By William Raspberry
Washington Post
Wednesday, January 23, 1991; Page A17

I've just visited Lafayette Park, across Pennsylvania Avenue from the White House, trying to understand what motivates the drum-beating, chanting, sign-waving antiwar protesters camped out there.

I still don't get it.

A couple of weeks ago, it made sense to protest President Bush's apparent determination to launch a war against Iraq. Even many of those who accepted the notion of Iraqi President Saddam Hussein as the embodiment of international evil still thought war was a bad idea, or at least thought it vital not to start shooting until every reasonable alternative had been exhausted.

Even a week ago, it made sense to communicate to Bush the idea that as bad as Saddam is, war is worse -- not merely because war kills but also because this particular war seemed certain to leave nothing settled in the Persian Gulf region and likely to make matters a good deal worse.

I understood the prewar protesters. And at least to some degree, I understand the pacifists among the few hundred demonstrators. What I don't understand -- even after talking to a number of them -- are the people who are protesting continued U.S. involvement in this particular war after the war has started.

They wish Bush had shown more willingness to explore a nonmilitary solution to the problem posed by Saddam's annexation of Kuwait, and so do I. I still think it might have been possible to fashion some international forum for negotiating the whole range of issues plaguing the region -- the menace of Iraq's fledgling nuclear capability, the restoration of Kuwait, the continued availability of oil, the security of Israel, the Palestinian problem -- without resort to war.

I still think it would have been in America's interest to allow Saddam some reasonably graceful escape from the box in which he had trapped himself. It seemed that every time there appeared a crack through which Saddam might escape, there was Bush nailing a board over it. Our president told us he wanted a peaceful resolution of the conflict, but his behavior went the other way. No negotiation of the dispute between Iraq and Kuwait that existed before the Aug. 2 invasion, no international conference to discuss the other issues (and thereby afford Saddam an opportunity to undo his mistake), no linkage: only threats and unconditional demands and deadlines.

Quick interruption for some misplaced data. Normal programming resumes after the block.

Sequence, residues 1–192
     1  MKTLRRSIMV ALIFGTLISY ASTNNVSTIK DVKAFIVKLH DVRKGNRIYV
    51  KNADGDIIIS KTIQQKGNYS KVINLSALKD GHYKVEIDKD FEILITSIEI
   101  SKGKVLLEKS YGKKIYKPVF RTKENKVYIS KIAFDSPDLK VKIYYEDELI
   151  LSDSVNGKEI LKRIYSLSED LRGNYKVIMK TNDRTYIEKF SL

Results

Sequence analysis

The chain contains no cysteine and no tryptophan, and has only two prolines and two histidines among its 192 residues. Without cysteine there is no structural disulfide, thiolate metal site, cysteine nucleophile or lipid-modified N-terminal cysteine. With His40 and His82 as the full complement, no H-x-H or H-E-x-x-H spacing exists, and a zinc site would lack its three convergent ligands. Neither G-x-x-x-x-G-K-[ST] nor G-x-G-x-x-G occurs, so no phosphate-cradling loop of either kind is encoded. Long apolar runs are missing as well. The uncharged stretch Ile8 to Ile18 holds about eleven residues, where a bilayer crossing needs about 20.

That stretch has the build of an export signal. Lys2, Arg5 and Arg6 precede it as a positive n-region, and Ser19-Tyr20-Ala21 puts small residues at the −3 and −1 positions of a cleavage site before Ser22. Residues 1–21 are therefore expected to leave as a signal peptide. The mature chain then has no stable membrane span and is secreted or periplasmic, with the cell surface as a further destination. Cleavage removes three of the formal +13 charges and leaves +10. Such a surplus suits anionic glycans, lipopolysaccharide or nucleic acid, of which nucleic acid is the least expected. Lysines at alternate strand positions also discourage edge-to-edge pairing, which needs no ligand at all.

But that was before the war started. Now that it has, what is the goal of the antiwar protesters? What would they have the president do -- declare a cease-fire and quit the region?

The people I spoke with were unanimous in their view that peace is better than war, but not at all clear that their continuing protest offers no policy alternative that makes sense. They evinced no appreciation of the fact that to suspend military operations now would only help Saddam, who certainly would claim that he had defeated the alliance arrayed against him; that it would endanger our troops, our interests and the prospects for long-term peace.

Some compared the present situation -- inappropriately, I thought -- to Vietnam. Others said the conflict was only about oil or that the politics of the region were none of our business. Still others responded with "give peace a chance" and other '60s-style slogans. None seemed to notice that the Iraqi president had displayed even less interest than his American counterpart in proposals (from interests as varied as France and the PLO) for an international conference. America should just get out, they said.

I didn't argue, but it did seem to me that their position is more likely to prolong the fighting and endanger our fighting forces than to bring an end to the conflict. And it still seems to me that the time has come when protest must give way to support.

An analogy comes to mind. You can warn your daughter to take every precaution against pregnancy. You can do what you can to help her understand the long-term implications of child bearing -- how it would strain relations with her friends, limit her opportunities and options, and require the allocation of resources that might be put to other uses.

But once the baby is born, warning against pregnancy makes no sense. Far better to do what you can to limit the damage and make sure the baby turns out well.